Despite the photographers’ best efforts, I wasn’t able to exude for the lens and looked half asleep. Richard Lyon’s sharp eye noticed a photo of my garden with the ladder that I had forgotten to put away. But hey, I’m being picky. I came home to an excellent article in today’s Sutton Guardian about the rise of the political blogs in Sutton, which I have covered in an earlier post. Since it hasn’t gone up on their webpage yet, I have copied the text here. To spare the public and avoid incurring the wrath of the Guardian lawyers, I have put one of my own photos alongside.

Blog standard
Richard Lyons

Posted on the internet is a photograph of Conservative councillor Paul Scully’s back garden.

It is a rich, green affair with a well kept lawn and borders of shrubs. On closer inspection you can clearly make out a yellow whirlygig clothes dryer and, at the bottom, a big black trampoline. Next to the photo, which also shows a white parasol and a discarded ladder, reads the words: “The picture shows the view from my bedroom window”.

As if to remind us the site is not some kind of councillors-homes-through-the-keyhole, the text goes on to discuss the issue of back garden development. OK, so we may still be in the realm of local politics, but it is not politics as we know it. Welcome to the brave new world of political blogs.

Taking the lead from national political blogs and the webcam diary of David Cameron, a growing number of local politicians are starting their own online diaries. Mayor of Sutton Richard Bailey gave out the web address of his blog at a meeting of the full council this month and councillor Cohn Ball and former councillor, Charlie Mansell are also established bloggers.

Claiming to be the first however, is Coun Scully who is aware of the medium’s ability to let the public know what councillors are doing almost as soon as they’ve done it. And what is more he adds, blogs can break down barriers between politicians and their constituents, allowing them to get to know the person in a way never quite achieved before. “I think blogs give an immediacy and an intimacy,” he says. “When people vote for you they generally vote for the party and few people know the individual. I think it’s important they get to know the individual because you may have particular political issues and problems and if they know you have a similar outlook as them they may be able to trust you more.” Coun Scully’s first posting was on May 29, 2006— just three weeks after being elected and bore the title ‘Does cyberspace need another blog?’ Since then he has written a total of 37 entries covering everything from the future of Westcroft Leisure Centre to whether classroom assistants should wear veils.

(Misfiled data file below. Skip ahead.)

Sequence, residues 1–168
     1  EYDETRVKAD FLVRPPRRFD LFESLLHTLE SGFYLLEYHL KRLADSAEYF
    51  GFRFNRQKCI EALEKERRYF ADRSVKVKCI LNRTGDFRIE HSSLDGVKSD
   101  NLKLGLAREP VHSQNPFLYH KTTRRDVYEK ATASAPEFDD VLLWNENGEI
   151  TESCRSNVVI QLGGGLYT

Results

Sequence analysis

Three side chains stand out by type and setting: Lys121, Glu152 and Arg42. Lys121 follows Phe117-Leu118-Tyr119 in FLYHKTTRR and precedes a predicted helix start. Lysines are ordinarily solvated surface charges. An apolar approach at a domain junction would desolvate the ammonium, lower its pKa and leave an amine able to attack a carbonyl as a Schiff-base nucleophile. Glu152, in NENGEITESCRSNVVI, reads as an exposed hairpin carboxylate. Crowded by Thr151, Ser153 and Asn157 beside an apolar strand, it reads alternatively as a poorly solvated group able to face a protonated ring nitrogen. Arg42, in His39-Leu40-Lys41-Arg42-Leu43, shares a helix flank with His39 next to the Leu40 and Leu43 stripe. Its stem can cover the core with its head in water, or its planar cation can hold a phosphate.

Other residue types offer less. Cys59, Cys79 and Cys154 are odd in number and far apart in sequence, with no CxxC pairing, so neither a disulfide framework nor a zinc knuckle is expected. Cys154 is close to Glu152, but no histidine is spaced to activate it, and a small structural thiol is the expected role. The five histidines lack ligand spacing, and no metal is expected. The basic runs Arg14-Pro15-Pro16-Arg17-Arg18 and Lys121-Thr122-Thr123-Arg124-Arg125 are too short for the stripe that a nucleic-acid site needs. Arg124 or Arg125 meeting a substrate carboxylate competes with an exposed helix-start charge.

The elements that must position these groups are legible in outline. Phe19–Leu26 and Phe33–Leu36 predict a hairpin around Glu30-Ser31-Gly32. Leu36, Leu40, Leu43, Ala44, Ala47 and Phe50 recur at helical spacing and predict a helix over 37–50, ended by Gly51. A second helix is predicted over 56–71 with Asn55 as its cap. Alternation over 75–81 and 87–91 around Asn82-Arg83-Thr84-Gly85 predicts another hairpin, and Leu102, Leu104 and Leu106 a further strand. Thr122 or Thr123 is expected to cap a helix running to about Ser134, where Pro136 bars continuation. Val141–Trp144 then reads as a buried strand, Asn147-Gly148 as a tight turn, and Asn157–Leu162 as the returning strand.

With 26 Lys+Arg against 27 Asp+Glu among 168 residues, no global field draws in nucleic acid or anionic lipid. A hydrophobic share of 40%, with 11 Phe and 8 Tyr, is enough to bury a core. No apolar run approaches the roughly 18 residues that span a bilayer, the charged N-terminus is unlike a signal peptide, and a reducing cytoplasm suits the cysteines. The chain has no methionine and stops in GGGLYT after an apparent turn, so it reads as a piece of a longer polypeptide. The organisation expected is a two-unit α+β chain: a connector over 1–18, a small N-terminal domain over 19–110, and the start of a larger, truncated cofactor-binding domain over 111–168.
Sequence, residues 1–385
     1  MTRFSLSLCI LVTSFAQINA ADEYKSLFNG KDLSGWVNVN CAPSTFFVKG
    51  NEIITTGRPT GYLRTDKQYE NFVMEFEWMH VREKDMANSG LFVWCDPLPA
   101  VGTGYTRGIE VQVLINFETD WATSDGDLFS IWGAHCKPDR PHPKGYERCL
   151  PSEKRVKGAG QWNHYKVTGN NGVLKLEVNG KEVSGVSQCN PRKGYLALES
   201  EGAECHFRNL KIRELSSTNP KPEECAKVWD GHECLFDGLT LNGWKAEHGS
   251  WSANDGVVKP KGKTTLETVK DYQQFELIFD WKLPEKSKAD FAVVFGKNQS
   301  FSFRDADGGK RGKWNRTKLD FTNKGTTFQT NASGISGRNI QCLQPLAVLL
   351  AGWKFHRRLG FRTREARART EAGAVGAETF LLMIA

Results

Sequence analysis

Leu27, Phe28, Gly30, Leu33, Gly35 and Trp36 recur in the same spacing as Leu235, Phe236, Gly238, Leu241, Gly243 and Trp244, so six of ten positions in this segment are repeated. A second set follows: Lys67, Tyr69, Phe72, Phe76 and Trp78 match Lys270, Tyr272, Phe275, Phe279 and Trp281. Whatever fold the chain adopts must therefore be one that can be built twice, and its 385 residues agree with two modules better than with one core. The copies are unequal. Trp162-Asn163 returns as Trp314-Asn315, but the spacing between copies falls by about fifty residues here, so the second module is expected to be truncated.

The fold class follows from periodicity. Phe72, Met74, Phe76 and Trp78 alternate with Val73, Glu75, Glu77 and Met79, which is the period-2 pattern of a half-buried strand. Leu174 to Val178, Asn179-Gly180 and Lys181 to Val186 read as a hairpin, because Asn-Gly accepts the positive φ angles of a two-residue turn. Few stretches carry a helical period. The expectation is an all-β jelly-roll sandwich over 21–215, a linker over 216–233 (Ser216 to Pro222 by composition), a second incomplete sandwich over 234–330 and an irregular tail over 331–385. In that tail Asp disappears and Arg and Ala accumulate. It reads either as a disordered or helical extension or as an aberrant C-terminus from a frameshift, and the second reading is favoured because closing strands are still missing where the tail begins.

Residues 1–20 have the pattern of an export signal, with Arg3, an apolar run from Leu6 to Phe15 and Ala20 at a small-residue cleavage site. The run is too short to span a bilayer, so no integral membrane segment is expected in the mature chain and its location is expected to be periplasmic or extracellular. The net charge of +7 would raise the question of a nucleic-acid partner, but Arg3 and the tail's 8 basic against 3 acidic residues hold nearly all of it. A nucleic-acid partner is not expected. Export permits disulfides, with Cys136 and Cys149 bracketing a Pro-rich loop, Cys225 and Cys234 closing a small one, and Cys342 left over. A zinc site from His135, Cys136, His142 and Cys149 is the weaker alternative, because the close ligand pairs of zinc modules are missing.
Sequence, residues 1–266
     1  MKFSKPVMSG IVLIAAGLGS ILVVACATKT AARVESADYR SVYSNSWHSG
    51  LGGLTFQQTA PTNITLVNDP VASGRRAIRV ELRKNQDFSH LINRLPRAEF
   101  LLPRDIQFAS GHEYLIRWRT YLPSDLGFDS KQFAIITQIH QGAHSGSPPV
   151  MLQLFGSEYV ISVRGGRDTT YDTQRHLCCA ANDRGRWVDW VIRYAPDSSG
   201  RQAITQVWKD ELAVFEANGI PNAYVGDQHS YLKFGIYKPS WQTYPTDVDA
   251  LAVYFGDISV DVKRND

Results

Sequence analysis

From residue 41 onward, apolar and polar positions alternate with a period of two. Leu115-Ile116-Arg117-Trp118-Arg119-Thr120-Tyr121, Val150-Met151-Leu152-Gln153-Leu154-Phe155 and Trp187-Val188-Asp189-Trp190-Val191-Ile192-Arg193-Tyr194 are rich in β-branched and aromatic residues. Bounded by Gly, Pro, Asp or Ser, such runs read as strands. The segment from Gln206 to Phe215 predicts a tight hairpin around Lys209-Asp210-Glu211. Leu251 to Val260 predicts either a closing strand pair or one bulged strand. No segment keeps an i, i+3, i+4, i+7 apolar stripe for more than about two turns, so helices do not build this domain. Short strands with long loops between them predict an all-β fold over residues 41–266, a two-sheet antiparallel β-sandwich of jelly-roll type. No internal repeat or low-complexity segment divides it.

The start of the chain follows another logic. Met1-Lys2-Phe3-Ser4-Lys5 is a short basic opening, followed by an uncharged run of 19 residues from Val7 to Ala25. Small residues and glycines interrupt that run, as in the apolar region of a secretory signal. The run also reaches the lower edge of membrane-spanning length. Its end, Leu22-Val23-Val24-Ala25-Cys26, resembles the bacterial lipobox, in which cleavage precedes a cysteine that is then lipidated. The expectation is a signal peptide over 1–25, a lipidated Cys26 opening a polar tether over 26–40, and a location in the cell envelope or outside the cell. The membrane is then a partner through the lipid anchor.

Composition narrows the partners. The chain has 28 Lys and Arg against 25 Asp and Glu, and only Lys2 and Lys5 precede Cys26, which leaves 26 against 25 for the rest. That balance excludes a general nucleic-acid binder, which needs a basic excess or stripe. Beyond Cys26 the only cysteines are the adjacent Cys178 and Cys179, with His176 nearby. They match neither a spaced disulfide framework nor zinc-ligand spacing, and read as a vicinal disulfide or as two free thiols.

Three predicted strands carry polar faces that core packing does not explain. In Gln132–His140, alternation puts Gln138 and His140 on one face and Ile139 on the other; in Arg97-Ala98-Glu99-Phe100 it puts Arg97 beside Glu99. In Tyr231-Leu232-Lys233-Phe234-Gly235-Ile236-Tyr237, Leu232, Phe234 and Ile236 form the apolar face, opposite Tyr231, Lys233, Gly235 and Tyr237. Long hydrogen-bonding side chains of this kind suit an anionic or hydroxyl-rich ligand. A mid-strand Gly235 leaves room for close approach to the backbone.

Much less prolific, by his own admission, is deputy leader of the council Cohn Hall, who left a month between his last posting and the previous one dated September 27. But despite this under-use of his cyberspace presence, he remains extremely enthusiastic about what blogs can achieve – particularly in terms of connecting with the community. “I have had more response from doing more things on a blog than I’ve had from all the leaflets I’ve done in all the years I’ve been councillor” he says. “If I put something up on the blog I might get half a dozen emails about it which is great. The more I can engage with the residents, the better.”

There is also a suggestion the more successful blogs could start to challenge newspapers by breaking stories before journalists. Fortunately for the Sutton Guardian, there is little chance of that happening in this borough. What the blogs of our councillors do seem to demonstrate though is that the internet can bring people closer together — even the public and politicians. “I think it has the potential to change politics and make politicians more human because we do seem a very strange breed,” Coun Hall says. “The potential is there but we need to take it up a level. More councillors should start blogs.”